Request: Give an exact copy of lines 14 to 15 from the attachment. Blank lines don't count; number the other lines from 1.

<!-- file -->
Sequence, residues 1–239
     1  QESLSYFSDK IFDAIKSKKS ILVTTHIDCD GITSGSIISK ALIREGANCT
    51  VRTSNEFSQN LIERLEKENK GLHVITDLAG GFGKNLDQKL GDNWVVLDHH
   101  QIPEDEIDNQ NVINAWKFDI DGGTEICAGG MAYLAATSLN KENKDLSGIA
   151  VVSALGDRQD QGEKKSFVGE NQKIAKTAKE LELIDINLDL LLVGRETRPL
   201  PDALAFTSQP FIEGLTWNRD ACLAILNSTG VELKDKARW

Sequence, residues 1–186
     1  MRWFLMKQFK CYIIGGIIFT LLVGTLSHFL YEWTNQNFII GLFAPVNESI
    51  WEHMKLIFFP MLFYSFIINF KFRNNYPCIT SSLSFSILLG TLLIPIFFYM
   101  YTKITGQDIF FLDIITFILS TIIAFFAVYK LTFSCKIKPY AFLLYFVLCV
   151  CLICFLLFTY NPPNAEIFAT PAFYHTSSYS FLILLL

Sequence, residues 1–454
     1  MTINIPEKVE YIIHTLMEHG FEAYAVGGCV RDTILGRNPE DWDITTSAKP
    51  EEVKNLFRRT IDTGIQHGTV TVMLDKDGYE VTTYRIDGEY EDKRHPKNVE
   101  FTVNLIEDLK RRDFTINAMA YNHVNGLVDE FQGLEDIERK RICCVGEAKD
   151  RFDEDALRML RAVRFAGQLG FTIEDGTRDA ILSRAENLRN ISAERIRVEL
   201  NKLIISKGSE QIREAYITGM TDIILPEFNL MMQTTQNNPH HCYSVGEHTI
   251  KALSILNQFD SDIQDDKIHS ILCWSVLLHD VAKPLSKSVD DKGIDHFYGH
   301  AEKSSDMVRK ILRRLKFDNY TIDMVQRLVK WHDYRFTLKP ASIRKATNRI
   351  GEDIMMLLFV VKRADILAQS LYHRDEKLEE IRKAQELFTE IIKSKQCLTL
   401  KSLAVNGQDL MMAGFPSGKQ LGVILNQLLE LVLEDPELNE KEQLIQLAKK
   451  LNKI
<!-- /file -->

    51  EEVKNLFRRT IDTGIQHGTV TVMLDKDGYE VTTYRIDGEY EDKRHPKNVE
   101  FTVNLIEDLK RRDFTINAMA YNHVNGLVDE FQGLEDIERK RICCVGEAKD